Often, when we’re in negative situations, we absorb the energy subconsciously. If you know you’re going to be in such situations or around such people, imagine you’re cloaking yourself in a white light or a transparent bubble of protection.

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    Whether you subscribe to the idea of auras or not, we all have energy fields[5]. This is most apparent when you meet someone for the first time, and you get a good vibe or poor impression of them. You’re actually picking up on their aura. Likewise, it is important to care for your own so that you’re not attracting or taking on someone’s negativity.

    5. Observation

    When a problem occurs, are you the first person to step in and help? Are you often the martyr or savior when people need something done? How often does this deplete you or take you away from your own self-care?

    For many of us, stepping in to help in a negative situation is almost a reflex. Our good nature and kindness shine through! This comes at a cost, however. Investing our energy into fixing negativity often leaves us spent, frustrated, and resentful.

    The hard truth is that we’re not meant to save the world. Every negative situation does not need our quick fix or invested effort. Likewise, every negative person does not need us to save them.

    If you get the urge to do this, pause and observe. Negativity does have its benefit. It forces people and situations to change, shift, and evolve.

    6. Release

    Imagine a row of matchsticks. The first one is lit and carries the flame down the line until one matchstick moves out of the formation, saving the rest. The same is true when we’re around negativity and take it on; our chances of passing it along to others are high.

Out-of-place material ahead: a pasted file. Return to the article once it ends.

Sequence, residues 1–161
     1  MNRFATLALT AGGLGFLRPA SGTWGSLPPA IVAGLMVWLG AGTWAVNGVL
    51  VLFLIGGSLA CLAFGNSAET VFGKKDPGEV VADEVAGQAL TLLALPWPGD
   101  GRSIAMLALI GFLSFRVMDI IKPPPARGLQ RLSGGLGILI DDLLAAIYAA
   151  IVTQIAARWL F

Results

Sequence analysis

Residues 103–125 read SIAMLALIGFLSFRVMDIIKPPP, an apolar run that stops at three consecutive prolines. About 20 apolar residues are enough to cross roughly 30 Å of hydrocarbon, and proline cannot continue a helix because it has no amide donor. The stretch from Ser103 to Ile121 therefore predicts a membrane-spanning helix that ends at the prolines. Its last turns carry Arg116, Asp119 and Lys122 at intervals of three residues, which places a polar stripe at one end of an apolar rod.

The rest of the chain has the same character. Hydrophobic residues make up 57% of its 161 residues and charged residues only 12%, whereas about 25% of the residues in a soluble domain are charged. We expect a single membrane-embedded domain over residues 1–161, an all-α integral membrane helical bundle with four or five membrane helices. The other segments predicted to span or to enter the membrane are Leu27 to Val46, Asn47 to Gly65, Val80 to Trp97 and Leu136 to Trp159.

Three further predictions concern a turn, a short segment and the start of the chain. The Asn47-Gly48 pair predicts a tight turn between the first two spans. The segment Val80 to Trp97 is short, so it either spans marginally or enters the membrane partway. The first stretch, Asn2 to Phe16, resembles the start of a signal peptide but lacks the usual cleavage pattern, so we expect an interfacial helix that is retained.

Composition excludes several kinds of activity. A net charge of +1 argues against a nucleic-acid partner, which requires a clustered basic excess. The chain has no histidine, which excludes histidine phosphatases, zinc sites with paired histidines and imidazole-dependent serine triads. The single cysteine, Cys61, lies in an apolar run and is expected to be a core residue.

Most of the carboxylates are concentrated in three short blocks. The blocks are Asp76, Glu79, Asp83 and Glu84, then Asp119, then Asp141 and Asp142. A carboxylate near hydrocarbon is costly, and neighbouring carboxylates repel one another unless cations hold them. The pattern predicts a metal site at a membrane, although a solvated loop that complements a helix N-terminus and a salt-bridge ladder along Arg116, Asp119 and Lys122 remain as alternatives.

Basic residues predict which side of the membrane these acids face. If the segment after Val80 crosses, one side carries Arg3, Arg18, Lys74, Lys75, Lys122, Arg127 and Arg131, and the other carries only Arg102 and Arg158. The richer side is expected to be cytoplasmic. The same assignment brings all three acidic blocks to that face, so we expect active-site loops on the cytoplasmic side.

All it takes is for one person to stop the negativity in its tracks before it “infects” more people. We can always be that person. Through the practice of self-awareness and detachment, we can remove ourselves from the story and re-focus and realign.

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    7. Create Space

    We don’t always know the backstory of a negative situation or person. We don’t know what that person may be dealing with, or the details of the circumstances that are now affecting us. Creating space and patiently listening to someone or learning more about what is happening may give us the pause we need to de-escalate our own negative spiral.

    The practice of empathy is astoundingly effective in bringing us back to ourselves; oddly enough, it does this because we deeply connect to our world and to others[6]. There is always space for understanding.

    Final Thoughts

    Negativity is a natural part of life, albeit uncomfortable. It teaches us the importance and the preciousness of positivity! As such, it is vital that we understand how we react to negativity in our life.